Tooth Whitening: What We Now Know

Wellaholic Research: Tooth Whitening: What We Now Know

TL:DR Summary

  • Abstract: The article summarizes current research on tooth whitening and its safety and efficacy.
  • Background: Tooth whitening is a popular dental procedure that uses hydrogen peroxide to bleach stains on the teeth.
  • Methods: The article reviews current reports in the literature on tooth whitening methods, including in vitro and clinical studies.
  • Whitening Chemistry: The article explains how hydrogen peroxide reacts with organic and metal compounds that cause tooth stains and lightens their color.
  • What’s new in bleaching research?: The article discusses new research on optimizing whitening procedures, reducing tooth sensitivity, increasing whitening persistence, and assessing risks such as tooth surface damage, demineralization, restoration degradation, and color change.
  • Summary: The article concludes that tooth whitening is safe and effective when manufacturer’s protocol is followed, but there are risks that should be considered and monitored by the profession and users.


Current research about tooth whitening shows that it is safe and effective when manufacturer’s protocol is followed, yet there are risks of which the profession and users should be aware. This update provides a summary of current research and assessment of the safety and efficacy of tooth whitening regimens.


The Popularity of Tooth Whitening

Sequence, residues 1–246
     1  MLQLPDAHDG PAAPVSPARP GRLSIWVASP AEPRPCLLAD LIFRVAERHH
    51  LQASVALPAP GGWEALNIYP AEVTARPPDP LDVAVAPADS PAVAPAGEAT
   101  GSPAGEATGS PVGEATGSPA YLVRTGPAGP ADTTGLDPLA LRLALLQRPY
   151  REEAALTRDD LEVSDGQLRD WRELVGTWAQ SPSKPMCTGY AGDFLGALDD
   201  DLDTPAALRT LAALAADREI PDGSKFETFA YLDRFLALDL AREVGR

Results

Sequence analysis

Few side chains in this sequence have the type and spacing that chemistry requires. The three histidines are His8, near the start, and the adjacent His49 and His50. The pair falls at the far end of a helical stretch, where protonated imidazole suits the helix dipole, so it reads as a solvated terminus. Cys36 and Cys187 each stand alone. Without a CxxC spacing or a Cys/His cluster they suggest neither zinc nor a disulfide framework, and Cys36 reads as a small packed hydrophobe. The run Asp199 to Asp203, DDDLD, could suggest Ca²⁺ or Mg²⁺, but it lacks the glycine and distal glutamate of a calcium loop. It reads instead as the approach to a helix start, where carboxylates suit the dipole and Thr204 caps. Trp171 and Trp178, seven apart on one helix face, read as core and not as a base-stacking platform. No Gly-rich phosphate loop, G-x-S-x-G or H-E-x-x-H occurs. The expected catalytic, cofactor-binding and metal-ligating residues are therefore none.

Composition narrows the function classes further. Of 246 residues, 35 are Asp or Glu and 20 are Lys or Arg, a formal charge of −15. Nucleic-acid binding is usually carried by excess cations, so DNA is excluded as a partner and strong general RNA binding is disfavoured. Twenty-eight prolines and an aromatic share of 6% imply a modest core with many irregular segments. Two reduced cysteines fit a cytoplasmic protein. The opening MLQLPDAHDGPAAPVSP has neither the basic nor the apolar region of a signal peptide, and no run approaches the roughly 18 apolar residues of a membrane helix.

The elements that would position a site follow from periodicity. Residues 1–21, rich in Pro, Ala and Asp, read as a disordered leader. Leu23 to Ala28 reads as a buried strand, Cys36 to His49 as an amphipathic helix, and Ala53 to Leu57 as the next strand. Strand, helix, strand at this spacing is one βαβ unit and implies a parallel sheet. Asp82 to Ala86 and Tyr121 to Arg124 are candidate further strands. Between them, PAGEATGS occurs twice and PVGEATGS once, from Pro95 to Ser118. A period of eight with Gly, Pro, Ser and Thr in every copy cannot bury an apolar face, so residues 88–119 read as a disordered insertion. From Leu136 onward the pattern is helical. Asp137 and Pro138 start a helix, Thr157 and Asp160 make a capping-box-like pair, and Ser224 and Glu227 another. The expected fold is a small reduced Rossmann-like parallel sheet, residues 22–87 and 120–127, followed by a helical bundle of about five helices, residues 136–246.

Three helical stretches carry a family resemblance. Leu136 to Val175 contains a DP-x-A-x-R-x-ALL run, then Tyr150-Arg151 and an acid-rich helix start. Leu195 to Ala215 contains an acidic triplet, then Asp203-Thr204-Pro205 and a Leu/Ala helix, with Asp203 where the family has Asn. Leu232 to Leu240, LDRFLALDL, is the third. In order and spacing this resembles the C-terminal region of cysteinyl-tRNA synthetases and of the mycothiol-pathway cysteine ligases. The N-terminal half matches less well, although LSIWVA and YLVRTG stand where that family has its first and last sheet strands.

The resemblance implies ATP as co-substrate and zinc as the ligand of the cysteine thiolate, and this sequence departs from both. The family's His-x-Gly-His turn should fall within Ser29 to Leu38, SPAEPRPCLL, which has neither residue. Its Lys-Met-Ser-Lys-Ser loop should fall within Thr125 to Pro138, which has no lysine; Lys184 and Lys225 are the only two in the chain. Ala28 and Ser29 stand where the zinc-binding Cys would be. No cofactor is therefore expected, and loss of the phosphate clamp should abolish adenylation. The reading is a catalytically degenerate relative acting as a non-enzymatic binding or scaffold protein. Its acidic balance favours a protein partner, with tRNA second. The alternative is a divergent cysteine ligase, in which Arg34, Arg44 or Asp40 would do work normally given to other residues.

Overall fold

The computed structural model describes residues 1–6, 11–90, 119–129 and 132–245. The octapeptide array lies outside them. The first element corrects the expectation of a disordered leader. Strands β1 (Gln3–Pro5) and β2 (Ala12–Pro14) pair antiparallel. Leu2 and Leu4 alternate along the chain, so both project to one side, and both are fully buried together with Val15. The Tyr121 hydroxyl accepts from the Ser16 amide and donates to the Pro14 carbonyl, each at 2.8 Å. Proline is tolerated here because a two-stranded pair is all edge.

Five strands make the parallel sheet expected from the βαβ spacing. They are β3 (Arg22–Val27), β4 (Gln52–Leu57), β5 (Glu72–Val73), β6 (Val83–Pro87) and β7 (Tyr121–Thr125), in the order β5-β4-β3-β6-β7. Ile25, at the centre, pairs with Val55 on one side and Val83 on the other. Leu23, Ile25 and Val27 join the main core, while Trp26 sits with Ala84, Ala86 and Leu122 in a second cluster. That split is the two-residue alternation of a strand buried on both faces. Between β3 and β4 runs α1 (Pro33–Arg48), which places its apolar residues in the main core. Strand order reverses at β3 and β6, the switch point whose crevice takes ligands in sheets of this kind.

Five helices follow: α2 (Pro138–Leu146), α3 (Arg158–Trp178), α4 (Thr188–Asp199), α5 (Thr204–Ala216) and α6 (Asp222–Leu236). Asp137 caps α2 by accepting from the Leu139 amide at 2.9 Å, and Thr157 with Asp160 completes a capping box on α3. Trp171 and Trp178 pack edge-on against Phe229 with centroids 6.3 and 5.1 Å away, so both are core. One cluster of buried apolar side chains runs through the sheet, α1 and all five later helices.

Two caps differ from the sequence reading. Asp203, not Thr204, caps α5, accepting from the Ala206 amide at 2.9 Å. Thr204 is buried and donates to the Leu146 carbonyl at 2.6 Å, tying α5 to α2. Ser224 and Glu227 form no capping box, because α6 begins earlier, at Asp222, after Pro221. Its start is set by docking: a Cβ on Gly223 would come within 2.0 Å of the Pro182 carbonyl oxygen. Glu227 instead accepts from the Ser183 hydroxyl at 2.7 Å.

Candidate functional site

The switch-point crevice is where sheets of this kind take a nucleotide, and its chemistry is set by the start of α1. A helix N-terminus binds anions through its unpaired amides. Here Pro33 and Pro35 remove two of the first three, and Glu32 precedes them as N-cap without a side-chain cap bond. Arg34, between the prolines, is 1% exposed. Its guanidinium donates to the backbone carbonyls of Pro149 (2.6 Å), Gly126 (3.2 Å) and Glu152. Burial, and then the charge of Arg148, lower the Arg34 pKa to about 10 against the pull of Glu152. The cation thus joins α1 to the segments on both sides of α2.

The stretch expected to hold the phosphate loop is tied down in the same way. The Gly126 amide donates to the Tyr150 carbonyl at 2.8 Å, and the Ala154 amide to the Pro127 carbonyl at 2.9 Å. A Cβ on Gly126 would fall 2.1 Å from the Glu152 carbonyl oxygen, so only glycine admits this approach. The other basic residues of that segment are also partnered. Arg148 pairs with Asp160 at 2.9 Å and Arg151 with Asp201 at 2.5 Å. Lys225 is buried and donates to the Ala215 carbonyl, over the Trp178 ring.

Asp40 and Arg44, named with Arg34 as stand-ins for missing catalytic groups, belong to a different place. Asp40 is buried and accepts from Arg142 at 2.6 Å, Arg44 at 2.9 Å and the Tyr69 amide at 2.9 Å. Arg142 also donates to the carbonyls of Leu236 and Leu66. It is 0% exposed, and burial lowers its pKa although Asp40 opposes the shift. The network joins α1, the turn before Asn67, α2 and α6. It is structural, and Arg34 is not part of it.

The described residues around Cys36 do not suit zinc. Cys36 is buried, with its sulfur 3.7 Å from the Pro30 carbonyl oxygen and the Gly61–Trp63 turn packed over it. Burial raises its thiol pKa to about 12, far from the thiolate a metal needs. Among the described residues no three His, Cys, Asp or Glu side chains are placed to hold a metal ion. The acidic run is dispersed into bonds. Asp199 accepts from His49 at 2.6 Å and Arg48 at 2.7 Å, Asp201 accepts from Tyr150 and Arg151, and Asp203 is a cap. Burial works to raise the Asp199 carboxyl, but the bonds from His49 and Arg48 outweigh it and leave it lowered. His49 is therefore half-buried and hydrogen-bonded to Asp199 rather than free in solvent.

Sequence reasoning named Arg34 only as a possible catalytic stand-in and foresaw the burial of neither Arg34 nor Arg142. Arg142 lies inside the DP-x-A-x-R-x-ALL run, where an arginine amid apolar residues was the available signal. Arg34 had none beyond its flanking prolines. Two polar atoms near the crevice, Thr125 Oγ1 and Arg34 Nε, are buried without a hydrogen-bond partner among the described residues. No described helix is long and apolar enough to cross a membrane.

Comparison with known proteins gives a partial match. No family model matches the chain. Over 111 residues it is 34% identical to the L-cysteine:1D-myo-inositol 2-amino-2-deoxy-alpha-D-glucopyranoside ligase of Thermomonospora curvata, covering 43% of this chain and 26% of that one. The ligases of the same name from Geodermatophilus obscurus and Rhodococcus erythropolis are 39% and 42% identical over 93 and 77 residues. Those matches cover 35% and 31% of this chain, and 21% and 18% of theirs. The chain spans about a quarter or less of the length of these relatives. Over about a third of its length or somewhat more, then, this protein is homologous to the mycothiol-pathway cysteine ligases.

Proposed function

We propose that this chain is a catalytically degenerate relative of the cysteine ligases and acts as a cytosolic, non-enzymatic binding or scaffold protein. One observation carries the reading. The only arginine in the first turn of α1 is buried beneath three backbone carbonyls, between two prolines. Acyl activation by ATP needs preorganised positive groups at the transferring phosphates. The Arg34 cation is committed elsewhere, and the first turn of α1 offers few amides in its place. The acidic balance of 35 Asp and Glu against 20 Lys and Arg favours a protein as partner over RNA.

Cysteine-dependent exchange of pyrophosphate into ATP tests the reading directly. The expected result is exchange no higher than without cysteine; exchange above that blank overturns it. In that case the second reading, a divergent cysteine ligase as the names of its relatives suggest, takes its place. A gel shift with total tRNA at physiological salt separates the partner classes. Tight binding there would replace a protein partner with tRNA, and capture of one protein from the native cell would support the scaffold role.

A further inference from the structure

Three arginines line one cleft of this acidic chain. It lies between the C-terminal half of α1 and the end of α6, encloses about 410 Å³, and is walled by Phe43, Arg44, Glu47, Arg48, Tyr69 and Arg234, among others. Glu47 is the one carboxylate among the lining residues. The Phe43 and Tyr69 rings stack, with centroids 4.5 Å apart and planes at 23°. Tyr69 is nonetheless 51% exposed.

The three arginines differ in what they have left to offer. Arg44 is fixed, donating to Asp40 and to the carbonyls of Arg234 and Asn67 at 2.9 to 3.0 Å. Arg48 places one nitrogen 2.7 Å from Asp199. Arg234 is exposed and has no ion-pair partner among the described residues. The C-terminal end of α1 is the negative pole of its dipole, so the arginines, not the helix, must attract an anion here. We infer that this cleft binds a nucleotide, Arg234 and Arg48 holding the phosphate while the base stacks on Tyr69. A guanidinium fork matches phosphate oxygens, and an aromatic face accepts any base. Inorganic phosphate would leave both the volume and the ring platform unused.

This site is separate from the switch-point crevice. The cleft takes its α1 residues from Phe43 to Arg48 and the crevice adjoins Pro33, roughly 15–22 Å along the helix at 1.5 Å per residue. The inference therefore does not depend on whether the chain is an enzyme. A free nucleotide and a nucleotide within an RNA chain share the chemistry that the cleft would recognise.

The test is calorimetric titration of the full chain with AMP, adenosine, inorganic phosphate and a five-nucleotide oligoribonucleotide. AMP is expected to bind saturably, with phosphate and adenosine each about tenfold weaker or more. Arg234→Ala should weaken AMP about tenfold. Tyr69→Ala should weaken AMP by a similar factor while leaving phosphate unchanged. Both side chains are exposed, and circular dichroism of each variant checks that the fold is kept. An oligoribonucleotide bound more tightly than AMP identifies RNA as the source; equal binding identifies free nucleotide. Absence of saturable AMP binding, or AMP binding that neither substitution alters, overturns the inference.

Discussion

Tooth whitening has become one of the most popular cosmetic dental procedures. The public has increasingly demanded whiter, more perfect smiles, and as a result, many choices for tooth whitening have become available.

Types of Tooth Whitening Products

These options include home-based products like toothpaste, gels, and films, as well as in-office systems where highly concentrated bleaching agents are applied under professional supervision.

New Research and Risks

While tooth whitening can be effective, there are also risks associated with the procedure. The profession and public have been aware of certain risks such as increased tooth sensitivity and gingival irritation. However, new research has shown that tooth whitening can also lead to tooth surface roughening and softening, increased potential for demineralization, degradation of dental restorations, and unacceptable color change of dental restorations. This new research has prompted efforts to optimize whitening procedures to reduce tooth sensitivity and increase the persistence of the whitening effect.


Current reports in the literature are reviewed that are related to the use of peroxide based whitening methods. These reports include in vitro studies for method optimization and mechanism as well as clinical studies on effects of various whitening regimens.

Whitening Chemistry

Tooth whitening is any process that lightens the color of a tooth. Whitening may be accomplished by physical removal of the stain or a chemical reaction to lighten the tooth color. Bleaching is defined here as the chemical degradation of the chromogens. The active ingredient in most whitening products is hydrogen peroxide (H2O2) which is delivered as hydrogen peroxide or carbamide peroxide. Carbamide peroxide is a stable complex that breaks down in contact with water to release hydrogen peroxide. Because carbamide peroxide releases hydrogen peroxide the chemistry of most tooth whitening is that of hydrogen peroxide.